It’s a sweet story, just a weird delivery system. Things get even stranger when the inevitable American victory features even more savage violence presented as heroic even though it’s just as disgusting as everything that came before. It’s hard to figure out exactly what Mel Gibson’s intent was with this big sappy war movie. It can’t just be a Christian anti-violence parable given how much the filmmaker lovingly lingers on his on-screen nastiness. Something odd is going on here that’s kind of fascinating and frustrating in equal measure, both in terms of what the movie says about war and religion and in what the project accidentally reveals about its maker.

The movie is certainly well made. Gibson is a good director, after all, and the cast is too strong to fail even given the Hallmark sentiments that they’re required to spout. However, whether or not this is a good movie is really a matter of taste. It’s excessive in both quaint Americana and machine gun action in ways difficult to describe. Gibson has made a movie difficult to scrape from the psyche, but it’s also one of his least satisfying outings as a director.

This is the work of an artist at an uncomfortable crossroads in his career, trying to play it safe yet unable to contain his wildest tendencies. I guess that makes it fascinating, if not exactly brilliant. That’s kind of like Mel Gibson himself, in a strange way.


  1. Lord Bowler

    I saw this last night. It was a great movie, sort of a mixture of The Patriot and Braveheart!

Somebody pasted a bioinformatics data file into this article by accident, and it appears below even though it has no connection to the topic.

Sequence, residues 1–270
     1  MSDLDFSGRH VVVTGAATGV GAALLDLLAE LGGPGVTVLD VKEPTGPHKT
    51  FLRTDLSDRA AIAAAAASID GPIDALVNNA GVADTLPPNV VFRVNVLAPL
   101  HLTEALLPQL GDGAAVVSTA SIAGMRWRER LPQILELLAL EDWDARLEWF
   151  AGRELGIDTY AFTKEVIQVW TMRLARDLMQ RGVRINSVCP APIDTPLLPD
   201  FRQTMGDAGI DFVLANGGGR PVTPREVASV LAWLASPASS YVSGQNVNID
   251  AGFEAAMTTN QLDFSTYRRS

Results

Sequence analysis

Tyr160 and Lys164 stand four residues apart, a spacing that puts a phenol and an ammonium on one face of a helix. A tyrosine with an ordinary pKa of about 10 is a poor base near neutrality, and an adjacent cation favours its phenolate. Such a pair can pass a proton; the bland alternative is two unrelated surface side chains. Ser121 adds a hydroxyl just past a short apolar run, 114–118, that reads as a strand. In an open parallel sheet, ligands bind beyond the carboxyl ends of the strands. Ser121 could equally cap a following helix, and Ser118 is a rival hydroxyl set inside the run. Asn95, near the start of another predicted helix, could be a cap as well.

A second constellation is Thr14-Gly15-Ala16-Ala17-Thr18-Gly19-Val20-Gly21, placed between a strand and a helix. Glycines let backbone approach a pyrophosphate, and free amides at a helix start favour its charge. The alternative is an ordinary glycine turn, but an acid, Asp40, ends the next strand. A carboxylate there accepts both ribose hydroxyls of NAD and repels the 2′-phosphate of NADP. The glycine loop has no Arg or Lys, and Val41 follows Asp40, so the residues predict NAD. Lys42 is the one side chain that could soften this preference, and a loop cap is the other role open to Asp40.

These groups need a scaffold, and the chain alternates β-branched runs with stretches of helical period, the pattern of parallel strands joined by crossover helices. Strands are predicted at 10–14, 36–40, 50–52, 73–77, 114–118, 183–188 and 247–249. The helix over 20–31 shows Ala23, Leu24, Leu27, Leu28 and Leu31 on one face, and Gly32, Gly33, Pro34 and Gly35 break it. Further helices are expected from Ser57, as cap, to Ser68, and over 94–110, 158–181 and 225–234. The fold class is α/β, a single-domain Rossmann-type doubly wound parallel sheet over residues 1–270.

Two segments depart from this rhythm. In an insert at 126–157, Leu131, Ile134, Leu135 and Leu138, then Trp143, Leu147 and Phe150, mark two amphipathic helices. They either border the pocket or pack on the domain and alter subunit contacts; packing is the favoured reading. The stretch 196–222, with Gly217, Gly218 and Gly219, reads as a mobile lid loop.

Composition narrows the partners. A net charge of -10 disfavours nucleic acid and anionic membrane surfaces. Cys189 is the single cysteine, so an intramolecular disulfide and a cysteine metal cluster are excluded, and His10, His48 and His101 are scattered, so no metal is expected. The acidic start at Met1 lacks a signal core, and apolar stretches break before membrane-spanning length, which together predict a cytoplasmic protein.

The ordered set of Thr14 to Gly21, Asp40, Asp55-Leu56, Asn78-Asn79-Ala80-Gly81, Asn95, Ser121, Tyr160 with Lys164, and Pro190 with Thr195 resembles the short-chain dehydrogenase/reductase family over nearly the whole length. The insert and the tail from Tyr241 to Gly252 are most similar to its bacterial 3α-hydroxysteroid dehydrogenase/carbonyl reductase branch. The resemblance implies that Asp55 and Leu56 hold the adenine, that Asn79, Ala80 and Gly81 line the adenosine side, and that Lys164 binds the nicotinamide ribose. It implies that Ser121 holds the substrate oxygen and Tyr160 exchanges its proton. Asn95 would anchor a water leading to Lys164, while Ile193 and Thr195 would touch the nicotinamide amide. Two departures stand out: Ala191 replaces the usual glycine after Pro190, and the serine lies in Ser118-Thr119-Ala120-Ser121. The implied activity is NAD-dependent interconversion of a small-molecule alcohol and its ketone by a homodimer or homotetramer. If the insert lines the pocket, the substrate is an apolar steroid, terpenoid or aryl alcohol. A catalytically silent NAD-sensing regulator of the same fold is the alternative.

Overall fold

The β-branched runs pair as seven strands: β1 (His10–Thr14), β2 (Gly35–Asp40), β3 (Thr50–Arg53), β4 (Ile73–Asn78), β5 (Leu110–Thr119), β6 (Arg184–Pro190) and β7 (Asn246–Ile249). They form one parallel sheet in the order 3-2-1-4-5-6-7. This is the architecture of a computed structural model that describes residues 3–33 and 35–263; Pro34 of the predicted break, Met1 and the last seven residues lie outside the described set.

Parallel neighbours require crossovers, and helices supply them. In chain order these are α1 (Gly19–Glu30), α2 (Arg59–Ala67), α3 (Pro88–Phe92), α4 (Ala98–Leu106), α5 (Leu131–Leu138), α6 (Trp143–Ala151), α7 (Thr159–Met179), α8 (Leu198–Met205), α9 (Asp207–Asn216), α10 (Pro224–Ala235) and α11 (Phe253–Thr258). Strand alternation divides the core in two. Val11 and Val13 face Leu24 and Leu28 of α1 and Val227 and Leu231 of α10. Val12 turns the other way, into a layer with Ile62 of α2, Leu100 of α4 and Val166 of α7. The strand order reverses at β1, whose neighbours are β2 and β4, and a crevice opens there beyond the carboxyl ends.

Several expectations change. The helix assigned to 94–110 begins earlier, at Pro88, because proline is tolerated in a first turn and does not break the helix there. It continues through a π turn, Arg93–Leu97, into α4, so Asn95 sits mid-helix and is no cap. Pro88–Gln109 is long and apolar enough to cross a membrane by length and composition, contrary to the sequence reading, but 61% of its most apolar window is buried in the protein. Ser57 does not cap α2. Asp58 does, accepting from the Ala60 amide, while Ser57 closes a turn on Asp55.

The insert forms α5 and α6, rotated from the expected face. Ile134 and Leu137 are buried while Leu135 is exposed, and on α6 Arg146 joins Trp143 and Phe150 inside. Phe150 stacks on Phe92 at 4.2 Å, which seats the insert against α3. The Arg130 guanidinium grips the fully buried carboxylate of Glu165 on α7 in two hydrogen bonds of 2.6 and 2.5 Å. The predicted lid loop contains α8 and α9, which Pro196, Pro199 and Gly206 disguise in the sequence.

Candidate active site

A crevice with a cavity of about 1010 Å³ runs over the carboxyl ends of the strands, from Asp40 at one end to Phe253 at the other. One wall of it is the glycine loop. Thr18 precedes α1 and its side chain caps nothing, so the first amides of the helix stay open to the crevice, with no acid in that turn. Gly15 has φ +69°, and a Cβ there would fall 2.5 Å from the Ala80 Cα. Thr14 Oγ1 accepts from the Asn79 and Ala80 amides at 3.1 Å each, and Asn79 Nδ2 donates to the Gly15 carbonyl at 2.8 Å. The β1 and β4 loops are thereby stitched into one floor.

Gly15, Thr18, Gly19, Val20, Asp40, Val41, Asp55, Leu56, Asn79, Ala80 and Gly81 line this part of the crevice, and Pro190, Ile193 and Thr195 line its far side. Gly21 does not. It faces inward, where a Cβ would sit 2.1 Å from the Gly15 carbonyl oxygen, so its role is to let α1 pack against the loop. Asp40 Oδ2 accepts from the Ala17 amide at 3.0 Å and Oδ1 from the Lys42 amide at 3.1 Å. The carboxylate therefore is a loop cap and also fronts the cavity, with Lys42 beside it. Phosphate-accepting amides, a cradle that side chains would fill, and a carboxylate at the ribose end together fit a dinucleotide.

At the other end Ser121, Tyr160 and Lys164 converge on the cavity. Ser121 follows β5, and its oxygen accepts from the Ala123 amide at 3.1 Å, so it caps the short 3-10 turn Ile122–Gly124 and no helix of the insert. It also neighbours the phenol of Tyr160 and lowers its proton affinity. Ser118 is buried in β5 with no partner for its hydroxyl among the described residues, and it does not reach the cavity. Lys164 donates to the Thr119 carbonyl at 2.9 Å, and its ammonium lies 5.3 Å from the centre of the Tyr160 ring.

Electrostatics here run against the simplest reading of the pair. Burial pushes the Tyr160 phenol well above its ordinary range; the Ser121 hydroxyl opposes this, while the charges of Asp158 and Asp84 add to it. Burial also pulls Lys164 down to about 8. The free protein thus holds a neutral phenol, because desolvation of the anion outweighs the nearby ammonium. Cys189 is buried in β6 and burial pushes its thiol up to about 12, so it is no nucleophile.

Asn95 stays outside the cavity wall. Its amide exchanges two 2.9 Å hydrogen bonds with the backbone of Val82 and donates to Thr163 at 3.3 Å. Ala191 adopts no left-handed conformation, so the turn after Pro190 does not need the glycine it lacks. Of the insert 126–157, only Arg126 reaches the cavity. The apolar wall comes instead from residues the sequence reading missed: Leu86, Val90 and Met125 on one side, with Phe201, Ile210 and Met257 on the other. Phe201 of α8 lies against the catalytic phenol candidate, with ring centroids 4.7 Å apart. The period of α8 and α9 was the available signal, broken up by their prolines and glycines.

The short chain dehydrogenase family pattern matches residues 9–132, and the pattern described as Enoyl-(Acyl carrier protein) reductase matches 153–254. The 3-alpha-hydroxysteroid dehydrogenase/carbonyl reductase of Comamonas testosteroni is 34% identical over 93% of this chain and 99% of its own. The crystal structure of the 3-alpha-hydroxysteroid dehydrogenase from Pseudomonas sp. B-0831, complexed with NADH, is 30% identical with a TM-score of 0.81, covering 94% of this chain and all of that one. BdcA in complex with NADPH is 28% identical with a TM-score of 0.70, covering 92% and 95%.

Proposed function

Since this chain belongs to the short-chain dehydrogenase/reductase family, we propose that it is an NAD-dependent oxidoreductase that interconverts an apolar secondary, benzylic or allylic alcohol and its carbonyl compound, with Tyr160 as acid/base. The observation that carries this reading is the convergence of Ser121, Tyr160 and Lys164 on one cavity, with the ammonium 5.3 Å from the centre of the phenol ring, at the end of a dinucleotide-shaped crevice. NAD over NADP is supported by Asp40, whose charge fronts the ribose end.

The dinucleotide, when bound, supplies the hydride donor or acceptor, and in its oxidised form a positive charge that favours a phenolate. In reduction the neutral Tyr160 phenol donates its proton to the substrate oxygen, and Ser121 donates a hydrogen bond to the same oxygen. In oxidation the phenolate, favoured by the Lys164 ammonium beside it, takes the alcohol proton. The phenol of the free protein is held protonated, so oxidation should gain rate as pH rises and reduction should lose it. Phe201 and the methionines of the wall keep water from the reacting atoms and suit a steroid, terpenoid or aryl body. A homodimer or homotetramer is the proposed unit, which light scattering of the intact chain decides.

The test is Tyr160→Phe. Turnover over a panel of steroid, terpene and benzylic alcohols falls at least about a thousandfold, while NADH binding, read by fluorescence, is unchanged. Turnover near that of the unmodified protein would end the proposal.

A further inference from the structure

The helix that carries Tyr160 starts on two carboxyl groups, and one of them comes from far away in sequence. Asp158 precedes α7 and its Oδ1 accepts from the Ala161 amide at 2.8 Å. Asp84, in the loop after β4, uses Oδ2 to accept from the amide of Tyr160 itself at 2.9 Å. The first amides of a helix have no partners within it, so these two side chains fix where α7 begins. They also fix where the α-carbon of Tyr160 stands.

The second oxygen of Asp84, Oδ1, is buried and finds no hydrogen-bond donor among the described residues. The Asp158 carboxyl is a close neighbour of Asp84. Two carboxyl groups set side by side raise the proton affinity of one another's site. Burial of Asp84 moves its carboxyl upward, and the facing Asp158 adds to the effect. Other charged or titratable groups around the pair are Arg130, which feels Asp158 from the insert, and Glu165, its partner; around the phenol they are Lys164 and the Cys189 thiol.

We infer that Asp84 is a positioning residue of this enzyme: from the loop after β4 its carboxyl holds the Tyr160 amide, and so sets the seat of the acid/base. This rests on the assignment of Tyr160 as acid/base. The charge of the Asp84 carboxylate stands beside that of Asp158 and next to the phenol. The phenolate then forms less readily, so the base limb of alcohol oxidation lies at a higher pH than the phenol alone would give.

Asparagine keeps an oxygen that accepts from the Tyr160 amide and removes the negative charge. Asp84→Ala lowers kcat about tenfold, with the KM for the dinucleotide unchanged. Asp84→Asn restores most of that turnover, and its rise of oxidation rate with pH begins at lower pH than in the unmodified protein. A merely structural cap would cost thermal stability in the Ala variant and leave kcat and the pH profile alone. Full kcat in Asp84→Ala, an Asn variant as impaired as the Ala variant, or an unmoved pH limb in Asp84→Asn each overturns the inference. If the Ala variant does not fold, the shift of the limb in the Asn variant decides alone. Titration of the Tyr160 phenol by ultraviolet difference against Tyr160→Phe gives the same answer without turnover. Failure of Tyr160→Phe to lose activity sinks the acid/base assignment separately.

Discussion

A truly amazing story of courage and valor.

  2. David Staschke

    Bruh… how can a movie be “vicious” and “nasty” if it’s just telling the truth? Do you realize war is violent, right? Was Mel supposed to sugar coat war to appease people with delicate sensibilities? Any depiction other than what was shown in this movie would be dishonest and disrespectful to veterans. You seem obsessed with psychoanalyzing Mel and worrying about his personal life instead reviewing the movie for what it is. Complaining about graphic violence in true war story is like complaining about nudity in a porno. Makes no sense. If I’m honest, I think it wasn’t violent enough.

    • Phil

      Oh I agree that an honest war movie shouldn’t sugarcoat violence. It was the weird mix of that with the oddly pious and stylized storytelling early on (which didn’t feel remotely real) that sat awkwardly with me.

      • David Staschke

        Ok, now that makes more sense to me. There definitely was a lot of corny cringe-worthy dialogue in the first hour. It reminded me of the first act of Pearl Harbor. But since this is a true story, I can’t really knock the duality.

          • David Staschke

            I was referring to the truth of the main issue: a pacifist goes to war. That’s inherently dichotomous regardless of how its depicted. So I can’t complain about that. I just don’t think it’s productive to assume why Mel was drawn to this story or depicted it the way he did. I feel if the exact same movie was made by a different filmmaker we wouldn’t be talking about it this way. I couldn’t care less about an artist’s personal life, I care about being entertained. But that’s just me. I get why people have a hard time disassociating those two things.

  3. NJScorpio

    I saw this on Thanksgiving, and it was the perfect holiday movie for me.

    I dug the old Hollywood style of war movie in the first half, and the jolt to realistic violence for the second half.

    I feel that this is not a jarring change in tone, but a change in atmosphere for the soldiers. Prior, in the idealized boot camp, they repeatedly say that in order to save lives, a solder must be willing to pick up a gun and shoot at the enemy. When the violence hits, it can be seen how it is just body after body dropping, and no amount of shooting the enemy can offset the stream of dead bodies. This violence that everyone else thought very little of when criticizing the main character is now overwhelming them.